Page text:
The Green Knight Explained: What’s Up With the Ending?

“The Legend of the Green Knight” / The Green Knight

Genre fantasy
Directed by David Lowry
Cast Dev Patel (Gawain), Alicia Vikander (Essel), Joel Edgerton (Lord), Sarita Chowdhury (Mother), Sean Harris (King), Kate Dickey (Queen), Barry Keoghan (Scavenger), Ralph Ineson (Green Knight) and etc.
Sailor Bear Studios, BRON Studios, A24
Release year 2021
Site IMDb

In the film “The Legend of the Green Knight” there will be no battles in armor, valiant deeds, heroic campaigns and noble declarations of love. The picture tells about a young man who idly lived his days, so other, darker and almost inexplicable wanderings fell to his lot.

American director-screenwriter David Lowry decided to film a difficult material, based on the poem “Sir Gawain and the Green Knight”, which appeared in the XIV century.

The poem does not have an author (he remains unknown), there is no unambiguous interpretation either – literary critics saw in it a reflection of territorial conflicts, religious symbols, and even environmental prophecies related to nature. Despite the ambiguity of the text, the poem from the Middle Ages became the national treasure of England (by the way, John R. R. Tolkien himself translated it from Middle English into modern English). More modern Britons have managed to turn a poem into a performance and even transform a complex text into a film (this is the 1984 film Sword Of The Valiant with Sean Connery in one of the main roles).

However, no one has been able to rethink the classic work from the point of view of a surreal dark fairy tale, as David Lowry did.


The events of the film take place in Camelot during Christmas. King Arthur arranges a festive feast, where his nephew Gawain comes – a young man who prefers brothels and wine, rather than valiant knighthood. At the height of the holiday, a certain Green Knight appears in the royal castle, resembling a revived mythical creature. An uninvited guest offers fun: let one of the daredevils strike him, after which the brave man will gain glory. Gawain steps forward and swings his sword fatally. Now Gawain, who unwittingly made a bet, is obliged to find a mysterious stranger in order to take a retaliatory blow from him.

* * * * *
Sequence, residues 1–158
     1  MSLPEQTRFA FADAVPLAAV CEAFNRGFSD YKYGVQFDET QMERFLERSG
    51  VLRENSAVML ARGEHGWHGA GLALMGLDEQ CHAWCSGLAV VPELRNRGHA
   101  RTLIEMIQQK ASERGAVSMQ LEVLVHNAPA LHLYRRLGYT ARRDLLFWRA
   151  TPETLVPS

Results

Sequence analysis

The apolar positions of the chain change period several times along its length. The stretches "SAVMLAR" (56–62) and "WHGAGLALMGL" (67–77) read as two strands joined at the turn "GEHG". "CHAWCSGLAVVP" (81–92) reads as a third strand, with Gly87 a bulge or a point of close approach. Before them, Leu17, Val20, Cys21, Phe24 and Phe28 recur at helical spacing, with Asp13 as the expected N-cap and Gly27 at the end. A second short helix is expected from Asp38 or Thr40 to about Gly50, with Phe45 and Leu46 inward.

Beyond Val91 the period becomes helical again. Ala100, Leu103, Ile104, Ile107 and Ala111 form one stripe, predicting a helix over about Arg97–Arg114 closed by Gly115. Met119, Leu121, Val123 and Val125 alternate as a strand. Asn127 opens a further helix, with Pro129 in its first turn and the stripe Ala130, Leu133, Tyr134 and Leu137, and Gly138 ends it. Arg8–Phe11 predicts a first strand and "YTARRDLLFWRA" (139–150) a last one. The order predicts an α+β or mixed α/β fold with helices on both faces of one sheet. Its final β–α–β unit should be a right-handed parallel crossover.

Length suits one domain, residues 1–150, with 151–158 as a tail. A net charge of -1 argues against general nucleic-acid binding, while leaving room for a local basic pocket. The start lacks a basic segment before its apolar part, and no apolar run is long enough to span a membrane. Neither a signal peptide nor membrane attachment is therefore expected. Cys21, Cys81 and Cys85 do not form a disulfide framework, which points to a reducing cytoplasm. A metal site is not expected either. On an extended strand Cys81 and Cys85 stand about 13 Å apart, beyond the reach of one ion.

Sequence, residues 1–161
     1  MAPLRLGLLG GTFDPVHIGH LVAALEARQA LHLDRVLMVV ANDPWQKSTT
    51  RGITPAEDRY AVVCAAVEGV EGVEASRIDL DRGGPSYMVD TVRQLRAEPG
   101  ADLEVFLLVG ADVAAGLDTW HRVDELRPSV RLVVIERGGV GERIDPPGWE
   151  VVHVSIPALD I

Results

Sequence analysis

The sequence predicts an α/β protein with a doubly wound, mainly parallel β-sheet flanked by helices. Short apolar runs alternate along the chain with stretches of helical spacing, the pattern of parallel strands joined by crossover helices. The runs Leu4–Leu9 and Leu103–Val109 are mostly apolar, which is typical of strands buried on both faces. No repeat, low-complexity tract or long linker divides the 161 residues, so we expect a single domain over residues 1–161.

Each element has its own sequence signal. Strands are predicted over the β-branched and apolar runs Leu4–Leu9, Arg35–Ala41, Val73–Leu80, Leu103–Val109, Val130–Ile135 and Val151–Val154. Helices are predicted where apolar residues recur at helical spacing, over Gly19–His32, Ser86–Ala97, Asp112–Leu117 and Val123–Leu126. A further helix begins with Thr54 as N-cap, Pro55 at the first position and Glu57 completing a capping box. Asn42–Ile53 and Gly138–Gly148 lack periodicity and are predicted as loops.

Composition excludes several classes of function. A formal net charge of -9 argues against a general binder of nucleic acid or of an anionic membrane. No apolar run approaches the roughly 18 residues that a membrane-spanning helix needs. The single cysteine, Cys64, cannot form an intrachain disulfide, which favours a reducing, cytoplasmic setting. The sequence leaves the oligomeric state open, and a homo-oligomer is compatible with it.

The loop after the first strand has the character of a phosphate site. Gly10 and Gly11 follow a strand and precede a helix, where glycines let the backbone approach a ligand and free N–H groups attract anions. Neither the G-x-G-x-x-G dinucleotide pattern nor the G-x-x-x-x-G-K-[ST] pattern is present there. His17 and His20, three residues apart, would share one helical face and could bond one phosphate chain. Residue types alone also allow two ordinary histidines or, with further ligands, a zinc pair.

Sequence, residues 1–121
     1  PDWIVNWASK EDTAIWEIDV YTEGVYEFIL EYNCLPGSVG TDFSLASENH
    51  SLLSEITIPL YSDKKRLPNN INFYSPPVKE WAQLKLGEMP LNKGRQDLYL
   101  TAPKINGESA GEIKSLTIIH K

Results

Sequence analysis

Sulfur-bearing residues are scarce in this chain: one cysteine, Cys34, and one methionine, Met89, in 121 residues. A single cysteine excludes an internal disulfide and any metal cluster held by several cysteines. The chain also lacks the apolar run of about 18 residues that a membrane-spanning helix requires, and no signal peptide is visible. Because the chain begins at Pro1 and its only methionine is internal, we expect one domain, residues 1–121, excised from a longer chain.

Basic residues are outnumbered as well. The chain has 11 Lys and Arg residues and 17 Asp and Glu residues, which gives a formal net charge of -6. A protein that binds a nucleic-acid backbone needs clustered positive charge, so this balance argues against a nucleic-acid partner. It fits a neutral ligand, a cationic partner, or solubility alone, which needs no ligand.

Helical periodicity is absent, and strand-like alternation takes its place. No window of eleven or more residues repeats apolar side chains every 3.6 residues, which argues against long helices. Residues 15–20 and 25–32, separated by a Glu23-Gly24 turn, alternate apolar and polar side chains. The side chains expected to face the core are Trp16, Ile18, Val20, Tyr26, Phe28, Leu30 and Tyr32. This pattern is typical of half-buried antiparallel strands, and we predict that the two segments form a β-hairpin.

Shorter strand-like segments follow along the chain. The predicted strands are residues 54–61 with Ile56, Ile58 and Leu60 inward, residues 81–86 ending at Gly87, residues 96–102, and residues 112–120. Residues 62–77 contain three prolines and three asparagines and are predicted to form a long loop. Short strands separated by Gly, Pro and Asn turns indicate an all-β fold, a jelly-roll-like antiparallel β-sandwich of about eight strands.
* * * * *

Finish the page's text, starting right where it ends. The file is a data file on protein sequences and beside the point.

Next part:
Perhaps here the script still adheres to the original, but then the film turns into a beautiful phantasmagoria that moves along the oppressive, but at the same time incredibly picturesque landscapes wrapped in fog. David Lowry allows himself to quote the original, interpreting it in his own way and adding new characters to it. This is how a vulture man, a beautiful lady with a terrible past, four-legged companions and doubles of familiar people appear in the film.


To understand what this crazy campaign will mean for Gawain, David Lowry arranges for him a conversation with King Arthur at the beginning of the film. It turns out that the nephew simply has nothing to tell his uncle, in his life there is neither a goal nor adventures that could cheer up the interlocutor. It is absolutely empty, so the journey towards the deadly duel is what a young man needs for the formation of character. And the viewer in order to try to guess what the fate of the hero will be and, possibly, make a mistake.

There are no clear answers to Gawain’s mission. As in the images laid down in the film by David Lowry, it is unlikely that they will be able to unravel all of them, but it is still worth a try. Don’t let the appearance of the characters and the inexplicable essence of random people you meet scare you. Thanks to them, an old poem turns into a special, in its own way elegant and slightly frightening film story.

The picture is full of amazing details that make their plot accents (be it the shape of the crown or the bright cape of the protagonist, which stands out against the backdrop of nature). Also, the hues of certain scenes play a role, which seem to suggest the direction of the story (sometimes in the frame the face of a minor character is illuminated by a green light, at another moment the water turns blood red, and closer to the denouement, the hero makes an important decision, looking ahead through the yellow smog).


Even if the film’s description seems rather absurd, it’s still worth watching for its cinematography by Andrew Droz Palermo (previously working with director David Lowery on the mystery drama A Ghost Story, another very wondrous but extremely touching film). Palermo finds beautiful angles (some moments you want to pause to consider) that give the story a mythological fabulousness.

What can I say, The Legend of the Green Knight is far from a typical movie about the path of a warrior. The film does not attempt to replicate the exploits of the Knights of the Round Table (although they appear in one of the scenes), the main role is played by the British actor of Indian origin Dev Patel (and he does a great job), and the visual component sometimes prevails over the plot. But all this is part of a big adventure, which does not pretend to be a realistic perception.

Pros: surreal-gloomy atmosphere; camera work; details and light; interesting director’s interpretation Cons: not all images lend themselves to interpretation and remain a mystery Conclusion:

beautiful phantasmagoric fantasy created by an independent director according to his own rules.

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